Metropolitan Opera House. Courtesy of Wikimedia Commons, Licensed under CCO 4.0.
In Ben Lerner’s Leaving the Atocha Station, the narrator, Adam, goes to the Prado every morning to stand in front of the Flemish painter Rogier van der Weyden’s The Descent from the Cross. On one particular morning, another man is standing in his place, looking at the painting, and this man suddenly bursts into tears. Adam is irritated and confused: “I had long worried that I was incapable of having a profound experience of art and I had trouble believing that anyone had, at least anyone I knew.” I too have worried about this; a painting has never moved me to tears. A poem has never changed my life. This is why the opera came to me as a surprise—both my love of it and the fact that, the first time I saw La Bohème, I cried through the whole fourth act. The pathos! I was deeply moved by the tragic story and by the register of the musical spectacle, but it was something more primal, too. Here was an art form that seemed not to shy from melodrama but move into its absolute depths, and then transcend and transform them.
I love opera not as an expert, or even as an informed connoisseur. I love it as an amateur, a near-total beginner. And despite its reputation, I think opera is surprisingly accessible, in part because of its absolute embrace and elevation of human feeling. I’m sure that as I spend more time in the Family Circle seats at the Met, I will learn more, and I might even become discerning. But for now I am going for pure pleasure.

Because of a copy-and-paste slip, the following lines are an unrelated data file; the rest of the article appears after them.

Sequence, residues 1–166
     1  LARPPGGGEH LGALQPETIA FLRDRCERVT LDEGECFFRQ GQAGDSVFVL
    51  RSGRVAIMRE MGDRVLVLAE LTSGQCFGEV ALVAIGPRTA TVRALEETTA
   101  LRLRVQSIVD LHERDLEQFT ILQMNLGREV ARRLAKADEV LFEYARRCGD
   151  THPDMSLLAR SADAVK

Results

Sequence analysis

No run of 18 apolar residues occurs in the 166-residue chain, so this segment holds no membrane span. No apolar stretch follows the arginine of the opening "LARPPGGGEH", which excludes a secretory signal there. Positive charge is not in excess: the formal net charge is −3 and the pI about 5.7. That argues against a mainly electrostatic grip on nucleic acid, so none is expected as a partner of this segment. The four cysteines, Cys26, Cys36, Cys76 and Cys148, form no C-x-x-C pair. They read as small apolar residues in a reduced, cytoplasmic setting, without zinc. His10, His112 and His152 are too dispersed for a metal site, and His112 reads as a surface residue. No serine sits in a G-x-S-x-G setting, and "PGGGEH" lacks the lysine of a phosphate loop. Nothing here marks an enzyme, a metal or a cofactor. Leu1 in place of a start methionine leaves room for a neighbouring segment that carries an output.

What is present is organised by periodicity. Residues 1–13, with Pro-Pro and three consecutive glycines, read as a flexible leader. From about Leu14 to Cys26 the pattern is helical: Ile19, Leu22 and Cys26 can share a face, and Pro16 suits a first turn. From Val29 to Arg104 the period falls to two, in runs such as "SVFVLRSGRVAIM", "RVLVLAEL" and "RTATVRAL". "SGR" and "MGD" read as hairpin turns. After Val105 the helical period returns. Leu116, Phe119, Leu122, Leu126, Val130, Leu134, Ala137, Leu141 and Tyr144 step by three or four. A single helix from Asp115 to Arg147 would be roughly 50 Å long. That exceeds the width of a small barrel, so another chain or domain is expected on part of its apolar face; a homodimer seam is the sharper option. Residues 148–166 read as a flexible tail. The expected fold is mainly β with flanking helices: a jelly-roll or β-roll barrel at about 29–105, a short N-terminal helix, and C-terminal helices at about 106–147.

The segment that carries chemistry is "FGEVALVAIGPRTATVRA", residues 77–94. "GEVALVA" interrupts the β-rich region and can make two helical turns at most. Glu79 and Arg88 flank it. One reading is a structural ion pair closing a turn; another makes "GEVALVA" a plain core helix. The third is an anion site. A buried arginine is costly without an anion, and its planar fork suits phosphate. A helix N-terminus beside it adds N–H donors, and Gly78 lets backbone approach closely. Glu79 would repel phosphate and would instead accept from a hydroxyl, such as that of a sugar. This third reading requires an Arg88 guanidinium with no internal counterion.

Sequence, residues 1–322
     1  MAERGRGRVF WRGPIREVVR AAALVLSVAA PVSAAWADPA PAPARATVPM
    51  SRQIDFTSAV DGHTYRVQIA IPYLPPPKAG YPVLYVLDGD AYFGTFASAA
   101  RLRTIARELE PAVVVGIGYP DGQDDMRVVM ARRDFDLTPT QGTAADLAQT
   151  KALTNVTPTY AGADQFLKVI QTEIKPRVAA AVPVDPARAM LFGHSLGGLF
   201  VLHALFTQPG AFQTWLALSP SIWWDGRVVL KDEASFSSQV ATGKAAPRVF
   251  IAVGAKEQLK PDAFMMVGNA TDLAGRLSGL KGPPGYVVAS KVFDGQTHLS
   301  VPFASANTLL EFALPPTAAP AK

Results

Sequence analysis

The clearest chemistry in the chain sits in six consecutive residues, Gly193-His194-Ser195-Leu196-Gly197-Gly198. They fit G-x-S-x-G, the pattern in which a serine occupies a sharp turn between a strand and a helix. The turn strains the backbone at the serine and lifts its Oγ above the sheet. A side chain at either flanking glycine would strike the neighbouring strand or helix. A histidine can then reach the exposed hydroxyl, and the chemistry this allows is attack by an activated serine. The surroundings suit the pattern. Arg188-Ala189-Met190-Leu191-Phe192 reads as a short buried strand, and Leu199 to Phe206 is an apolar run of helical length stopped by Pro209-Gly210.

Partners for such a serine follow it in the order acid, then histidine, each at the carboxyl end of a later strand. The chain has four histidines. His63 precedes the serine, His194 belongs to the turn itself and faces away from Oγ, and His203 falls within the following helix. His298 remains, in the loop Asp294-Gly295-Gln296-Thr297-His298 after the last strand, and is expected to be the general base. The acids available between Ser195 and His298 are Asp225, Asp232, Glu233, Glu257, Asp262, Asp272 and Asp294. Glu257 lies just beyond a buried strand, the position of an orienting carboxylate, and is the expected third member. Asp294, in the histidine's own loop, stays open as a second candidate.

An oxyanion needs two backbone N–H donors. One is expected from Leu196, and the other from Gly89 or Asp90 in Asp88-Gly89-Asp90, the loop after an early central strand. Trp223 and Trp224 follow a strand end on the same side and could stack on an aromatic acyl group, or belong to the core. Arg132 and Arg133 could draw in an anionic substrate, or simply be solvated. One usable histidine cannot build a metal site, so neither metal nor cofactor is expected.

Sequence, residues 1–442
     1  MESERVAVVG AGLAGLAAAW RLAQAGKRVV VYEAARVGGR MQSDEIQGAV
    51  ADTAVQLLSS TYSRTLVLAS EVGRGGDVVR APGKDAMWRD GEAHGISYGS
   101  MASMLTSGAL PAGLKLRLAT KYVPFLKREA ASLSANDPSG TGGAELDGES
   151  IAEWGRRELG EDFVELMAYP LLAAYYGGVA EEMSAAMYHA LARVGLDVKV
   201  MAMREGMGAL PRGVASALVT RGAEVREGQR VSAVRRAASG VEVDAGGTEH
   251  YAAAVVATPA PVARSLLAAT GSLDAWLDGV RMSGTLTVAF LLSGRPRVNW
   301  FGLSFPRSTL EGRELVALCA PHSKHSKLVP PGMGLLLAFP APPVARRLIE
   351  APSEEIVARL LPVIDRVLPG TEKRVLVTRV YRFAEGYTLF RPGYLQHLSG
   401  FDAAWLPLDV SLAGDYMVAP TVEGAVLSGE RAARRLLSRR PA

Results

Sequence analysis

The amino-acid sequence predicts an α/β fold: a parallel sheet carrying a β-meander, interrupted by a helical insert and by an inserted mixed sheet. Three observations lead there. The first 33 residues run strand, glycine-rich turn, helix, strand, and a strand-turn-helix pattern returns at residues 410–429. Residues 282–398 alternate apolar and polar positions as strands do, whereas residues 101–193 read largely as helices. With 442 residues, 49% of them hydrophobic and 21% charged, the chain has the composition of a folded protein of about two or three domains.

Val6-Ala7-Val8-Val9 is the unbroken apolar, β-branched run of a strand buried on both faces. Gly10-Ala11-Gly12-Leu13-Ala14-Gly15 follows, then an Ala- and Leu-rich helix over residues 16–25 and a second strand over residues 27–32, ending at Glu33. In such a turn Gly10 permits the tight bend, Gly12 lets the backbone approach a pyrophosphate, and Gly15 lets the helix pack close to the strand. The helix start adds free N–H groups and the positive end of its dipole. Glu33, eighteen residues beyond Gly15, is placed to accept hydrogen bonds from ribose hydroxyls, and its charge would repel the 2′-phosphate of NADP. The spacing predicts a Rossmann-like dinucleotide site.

This week, we’re publishing a series of pieces on opera. Colm Tóibín shares a letter to his mother, written from the moment when he fell in love with opera; Nancy Lemannconsiders the contenders for the greatest Don Giovanni of all time; Andrew Martin recounts a visit to Nixon in China; Adam Kirsch comes to the defense of Faust. Plus, two reviews of recent opera productions, a piece adapted from Patrick Mackie’s Mozart in Motion, a dispatch from our poetry editor, and a behind-the-scenes look at the making of Michael Bazzett’s poem in our Spring issue.
Sophie Haigney is web editor of the Review.
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